* We also review and verify dependent coverage each year. For example, we make sure that if dependents say they are in school, they provide us with proof of enrollment.

* We make sure that our retirees and actives, if they are over 65, sign up for Medicare Part B as soon as they are eligible. In addition, we make sure that their spouses sign up for Medicare Part B as soon as they are eligible. In a sense, this is coordination of benefits with the federal government.

The present health care system in the United States is expensive, exclusionary, and inefficient. To make it work will require radical changes. Some of the necessary changes are:

Universal coverage-There is frequent reference in newspapers and periodicals to the 34 million people under 65 who are not covered by insurance or Medicaid. These people must be covered.

They ultimately receive coverage in emergency wards, where the cost is much greater than if they had received preventive coverage. The universal coverage or national health care must be paid for from general tax revenues. It can't be paid by another payroll tax. That will destroy small business. (Some 300,000 small, business jobs have been lost in California alone since the imposition of additional payroll and other taxes this year.)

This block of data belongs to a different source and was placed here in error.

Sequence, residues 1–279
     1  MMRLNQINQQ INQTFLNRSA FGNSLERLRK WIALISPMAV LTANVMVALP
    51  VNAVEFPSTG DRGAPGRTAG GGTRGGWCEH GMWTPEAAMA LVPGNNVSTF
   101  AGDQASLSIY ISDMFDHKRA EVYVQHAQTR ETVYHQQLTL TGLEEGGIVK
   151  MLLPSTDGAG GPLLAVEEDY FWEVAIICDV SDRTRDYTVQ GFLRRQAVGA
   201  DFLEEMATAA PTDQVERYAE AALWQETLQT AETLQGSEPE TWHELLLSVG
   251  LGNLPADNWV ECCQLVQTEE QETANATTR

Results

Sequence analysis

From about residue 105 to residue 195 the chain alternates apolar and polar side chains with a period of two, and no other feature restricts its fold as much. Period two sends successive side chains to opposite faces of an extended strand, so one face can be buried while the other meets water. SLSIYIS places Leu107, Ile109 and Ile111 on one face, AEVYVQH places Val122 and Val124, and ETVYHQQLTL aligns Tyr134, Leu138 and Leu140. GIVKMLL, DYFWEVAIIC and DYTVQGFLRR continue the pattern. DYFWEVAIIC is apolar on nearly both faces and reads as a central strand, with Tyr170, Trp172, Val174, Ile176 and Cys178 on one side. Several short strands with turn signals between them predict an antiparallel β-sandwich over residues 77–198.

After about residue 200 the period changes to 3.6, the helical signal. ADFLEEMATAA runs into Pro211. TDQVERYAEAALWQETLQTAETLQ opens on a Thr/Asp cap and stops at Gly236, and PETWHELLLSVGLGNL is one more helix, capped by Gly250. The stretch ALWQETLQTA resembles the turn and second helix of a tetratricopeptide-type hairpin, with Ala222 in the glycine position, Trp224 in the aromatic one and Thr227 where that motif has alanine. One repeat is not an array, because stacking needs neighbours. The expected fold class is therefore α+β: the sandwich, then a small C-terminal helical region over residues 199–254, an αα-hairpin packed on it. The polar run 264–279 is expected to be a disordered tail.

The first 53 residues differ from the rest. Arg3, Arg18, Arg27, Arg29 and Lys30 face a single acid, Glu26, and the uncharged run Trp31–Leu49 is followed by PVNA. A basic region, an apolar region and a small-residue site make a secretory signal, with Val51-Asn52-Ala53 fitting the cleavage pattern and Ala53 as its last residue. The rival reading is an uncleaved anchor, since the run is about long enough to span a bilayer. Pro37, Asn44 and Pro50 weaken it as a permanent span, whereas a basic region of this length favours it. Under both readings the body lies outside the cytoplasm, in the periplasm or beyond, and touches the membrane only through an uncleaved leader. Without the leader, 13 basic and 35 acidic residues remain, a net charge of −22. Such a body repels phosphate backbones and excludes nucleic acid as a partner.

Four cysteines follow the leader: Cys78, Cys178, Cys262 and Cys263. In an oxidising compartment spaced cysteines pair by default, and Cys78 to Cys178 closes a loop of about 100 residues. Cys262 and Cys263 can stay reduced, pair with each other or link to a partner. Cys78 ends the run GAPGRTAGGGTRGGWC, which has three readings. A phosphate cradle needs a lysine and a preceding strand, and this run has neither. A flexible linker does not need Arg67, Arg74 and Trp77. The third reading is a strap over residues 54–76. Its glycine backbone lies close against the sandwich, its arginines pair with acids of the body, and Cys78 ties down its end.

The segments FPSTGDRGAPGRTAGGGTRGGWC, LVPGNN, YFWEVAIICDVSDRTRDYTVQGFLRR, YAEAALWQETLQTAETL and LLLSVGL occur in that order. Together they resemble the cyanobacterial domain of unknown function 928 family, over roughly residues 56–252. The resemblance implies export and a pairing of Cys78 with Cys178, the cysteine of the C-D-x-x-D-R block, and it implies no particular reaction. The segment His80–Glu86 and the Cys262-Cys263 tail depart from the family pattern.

Malpractice claims must be eliminated. One of the principal reasons that the Canadian system functions at all is that there isn't any malpractice in Canada. In the event of disputes, settlements should come from arbitration boards.

Fixed protocols-In order to protect themselves from mal-practice suits, doctors perform many unnecessary procedures. By establishing recognized protocols to handle certain medical situations and doing away with malpractice suits, significant amounts of money would be saved.

Regional rate-setting-Because of regional cost differences, regional rate-setting boards, such as those that exist in Germany, should be established to determine the appropriate cost for providing each medical service in their regions. These boards would operate as the ultimate in managed care. By doing so, they would have enough economic bargaining power to keep doctor and hospital cost increases at reasonable levels.


By many criteria, Dynamet would be considered a small company. We have 375 employees, and our sales in 1990 were $93 million. Our premiums for family medical coverage were $325 a month last year, up 45 percent from $180 a month in 1983. We consider medical coverage an important fringe benefit and maintain a philosophy of full coverage for all employees and their families.

We are fortunate in having a strong insurance carrier, whose contracts with local hospitals provide for discounts, and doctors generally accept the carrier's payments for standard procedures. These savings are reflected directly in our premiums.

With a small workforce such as ours, individual employees' major medical problems have a noticeable impact on our premiums-there are simply fewer employees among whom to spread the financial risk. We have found it is important to understand the direct relationship between our actual experience and the premiums, so the insurance carrier is not viewed as the villain when premiums go up.